Navarro will start at first base and bat cleanup Monday against the Royals. With Miguel Cabrera serving the third game of his six-game suspension Monday, Navarro will reenter the lineup after John Hicks received the starting nod at first base Sunday against the Indians. It's expected that manager Brad Ausmus will have Navarro and Hicks split the reps at the position until Cabrera is eligible to return Saturday against the Blue Jays, giving both players a boost in short-term value.
Navarro's contract was selected from Triple-A Toledo and he is starting at first base and hitting sixth in Game 1 of Friday's doubleheader against the Indians. The Tigers had a couple 40-man roster spots available after trading Justin Upton and Justin Verlander on Thursday, so Navarro claims one of those. He hit .276/.370/.395 with 10 home runs in 476 at-bats in the International League. While the 31-year-old journeyman could see some starts at first base and left field down the stretch, he is unlikely to offer fantasy-relevant production.
Navarro signed a minor league contract with the Tigers on Saturday, Rich Dubroff of PressBoxOnline reports. The veteran first baseman last played in the major leagues in 2015 as a member of the Angels in 2015. He spent time with the Mariners and the Cardinals with their respective Triple-A affiliates last season and had a particularly strong stint at Triple-A Memphis, where he slashed .320/.366/.376 over 213 plate appearances. He figures to see regular playing time at Triple-A Toledo in 2017.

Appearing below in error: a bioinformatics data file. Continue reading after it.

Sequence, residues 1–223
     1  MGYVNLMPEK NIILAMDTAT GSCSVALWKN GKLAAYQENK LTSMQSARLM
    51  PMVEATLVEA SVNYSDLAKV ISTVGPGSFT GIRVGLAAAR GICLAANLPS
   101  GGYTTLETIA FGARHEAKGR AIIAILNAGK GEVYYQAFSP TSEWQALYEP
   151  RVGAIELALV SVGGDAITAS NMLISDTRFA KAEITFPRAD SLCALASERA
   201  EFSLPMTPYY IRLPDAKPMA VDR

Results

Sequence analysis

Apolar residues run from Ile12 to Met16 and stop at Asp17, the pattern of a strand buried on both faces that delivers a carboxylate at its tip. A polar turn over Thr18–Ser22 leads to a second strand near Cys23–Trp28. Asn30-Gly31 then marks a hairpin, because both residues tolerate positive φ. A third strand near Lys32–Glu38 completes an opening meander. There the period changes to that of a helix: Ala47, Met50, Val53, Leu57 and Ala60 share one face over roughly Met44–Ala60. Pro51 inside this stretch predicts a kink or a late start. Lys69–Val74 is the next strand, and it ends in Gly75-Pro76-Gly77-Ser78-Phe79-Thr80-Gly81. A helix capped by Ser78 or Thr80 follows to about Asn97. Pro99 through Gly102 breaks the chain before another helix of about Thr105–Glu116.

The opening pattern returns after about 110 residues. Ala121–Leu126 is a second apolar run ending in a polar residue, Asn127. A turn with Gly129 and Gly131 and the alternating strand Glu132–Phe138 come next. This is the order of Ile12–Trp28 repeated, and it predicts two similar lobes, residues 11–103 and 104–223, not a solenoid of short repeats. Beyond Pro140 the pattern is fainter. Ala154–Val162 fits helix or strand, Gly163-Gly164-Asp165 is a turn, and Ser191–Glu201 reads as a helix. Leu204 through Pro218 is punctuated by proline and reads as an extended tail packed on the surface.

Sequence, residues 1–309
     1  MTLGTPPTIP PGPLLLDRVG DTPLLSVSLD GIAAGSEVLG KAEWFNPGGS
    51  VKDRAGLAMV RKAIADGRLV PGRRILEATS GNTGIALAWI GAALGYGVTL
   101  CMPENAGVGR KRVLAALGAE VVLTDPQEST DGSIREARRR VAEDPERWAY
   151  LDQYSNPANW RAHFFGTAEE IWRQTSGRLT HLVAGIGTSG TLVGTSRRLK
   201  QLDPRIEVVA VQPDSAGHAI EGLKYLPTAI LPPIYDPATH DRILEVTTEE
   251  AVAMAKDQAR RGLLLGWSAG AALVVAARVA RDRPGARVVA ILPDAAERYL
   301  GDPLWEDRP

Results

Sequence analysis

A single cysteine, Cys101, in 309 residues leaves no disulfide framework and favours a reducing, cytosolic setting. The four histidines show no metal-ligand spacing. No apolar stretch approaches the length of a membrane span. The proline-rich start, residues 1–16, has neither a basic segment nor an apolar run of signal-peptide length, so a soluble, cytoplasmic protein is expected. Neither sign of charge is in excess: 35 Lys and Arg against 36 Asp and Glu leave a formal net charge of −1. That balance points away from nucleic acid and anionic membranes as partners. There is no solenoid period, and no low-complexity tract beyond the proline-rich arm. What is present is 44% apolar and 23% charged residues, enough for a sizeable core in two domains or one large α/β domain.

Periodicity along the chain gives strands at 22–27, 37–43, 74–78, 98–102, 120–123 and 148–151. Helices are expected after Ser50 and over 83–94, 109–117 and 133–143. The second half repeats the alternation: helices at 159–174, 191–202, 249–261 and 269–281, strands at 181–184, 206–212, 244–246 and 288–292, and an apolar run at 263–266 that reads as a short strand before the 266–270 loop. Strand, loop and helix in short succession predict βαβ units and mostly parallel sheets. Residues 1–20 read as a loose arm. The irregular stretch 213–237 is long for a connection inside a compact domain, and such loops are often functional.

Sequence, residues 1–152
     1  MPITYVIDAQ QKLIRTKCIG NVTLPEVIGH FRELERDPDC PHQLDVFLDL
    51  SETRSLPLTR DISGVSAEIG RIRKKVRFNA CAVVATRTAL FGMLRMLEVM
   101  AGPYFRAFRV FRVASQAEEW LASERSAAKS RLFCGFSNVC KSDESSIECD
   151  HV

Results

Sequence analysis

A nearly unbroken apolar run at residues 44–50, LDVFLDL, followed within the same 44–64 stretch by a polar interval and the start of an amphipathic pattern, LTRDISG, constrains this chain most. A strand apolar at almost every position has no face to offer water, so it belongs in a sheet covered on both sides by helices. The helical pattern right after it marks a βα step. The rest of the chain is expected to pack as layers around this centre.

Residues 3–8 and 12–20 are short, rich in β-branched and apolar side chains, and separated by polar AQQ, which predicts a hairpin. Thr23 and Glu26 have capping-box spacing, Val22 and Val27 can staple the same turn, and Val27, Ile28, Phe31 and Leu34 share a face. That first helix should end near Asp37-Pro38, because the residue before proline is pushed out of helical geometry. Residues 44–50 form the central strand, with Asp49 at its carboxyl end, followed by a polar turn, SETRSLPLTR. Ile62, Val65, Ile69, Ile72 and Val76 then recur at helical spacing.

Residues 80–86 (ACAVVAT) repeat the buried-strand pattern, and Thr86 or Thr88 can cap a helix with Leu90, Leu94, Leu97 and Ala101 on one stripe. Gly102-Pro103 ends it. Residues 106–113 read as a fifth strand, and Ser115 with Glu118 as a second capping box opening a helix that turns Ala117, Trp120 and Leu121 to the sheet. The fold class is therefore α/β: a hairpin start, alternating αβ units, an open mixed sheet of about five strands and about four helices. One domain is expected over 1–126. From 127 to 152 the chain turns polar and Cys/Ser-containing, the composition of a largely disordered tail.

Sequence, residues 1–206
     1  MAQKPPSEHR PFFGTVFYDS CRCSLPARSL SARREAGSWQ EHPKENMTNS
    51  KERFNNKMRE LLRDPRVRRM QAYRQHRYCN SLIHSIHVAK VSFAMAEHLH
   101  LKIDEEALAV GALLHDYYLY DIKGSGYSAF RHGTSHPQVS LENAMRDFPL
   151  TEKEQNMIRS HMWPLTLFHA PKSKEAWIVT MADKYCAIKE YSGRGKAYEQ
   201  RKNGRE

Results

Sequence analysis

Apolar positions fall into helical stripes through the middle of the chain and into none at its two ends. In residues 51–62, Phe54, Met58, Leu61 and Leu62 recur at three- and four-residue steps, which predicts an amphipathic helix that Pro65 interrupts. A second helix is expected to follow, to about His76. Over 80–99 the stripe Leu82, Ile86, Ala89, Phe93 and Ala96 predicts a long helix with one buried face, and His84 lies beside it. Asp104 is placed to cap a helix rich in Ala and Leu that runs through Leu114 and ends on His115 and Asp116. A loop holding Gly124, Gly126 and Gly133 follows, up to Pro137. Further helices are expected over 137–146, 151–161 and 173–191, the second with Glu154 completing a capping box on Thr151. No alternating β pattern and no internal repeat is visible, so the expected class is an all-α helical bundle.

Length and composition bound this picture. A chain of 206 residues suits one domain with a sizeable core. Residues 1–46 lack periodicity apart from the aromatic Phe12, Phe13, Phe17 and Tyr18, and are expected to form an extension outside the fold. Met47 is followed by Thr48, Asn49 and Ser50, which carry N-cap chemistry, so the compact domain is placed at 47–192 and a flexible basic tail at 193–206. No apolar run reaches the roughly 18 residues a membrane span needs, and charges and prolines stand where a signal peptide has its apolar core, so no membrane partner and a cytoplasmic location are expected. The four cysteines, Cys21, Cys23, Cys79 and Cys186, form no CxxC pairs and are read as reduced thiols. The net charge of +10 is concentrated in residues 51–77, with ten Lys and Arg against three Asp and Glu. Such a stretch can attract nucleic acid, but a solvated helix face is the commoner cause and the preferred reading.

Navarro signed a minor league deal with Seattle on Wednesday, Jeff Fletcher of the OC Register reports. The 29-year-old was DFA'd by the Orioles last week and officially cleared waivers over the weekend. After appearing in 54 games for the Angels last season, Navarro is likely destined to begin the year in Triple-A, a level at which he found success within the Angels organization in 2015, hitting .329 with 29 RBI in 72 games.
Navarro cleared waivers and elected free agency Sunday, Brittany Ghiroli of MLB.com reports. There isn't a very large market for 29-year-old first basemen with a .627 career OPS, so Navarro is going to have to find a team willing to be patient with him, then develop his bat into something a major league team can use. It's much morel likely he spends the next few years moving between Triple-A teams as organizational filler.
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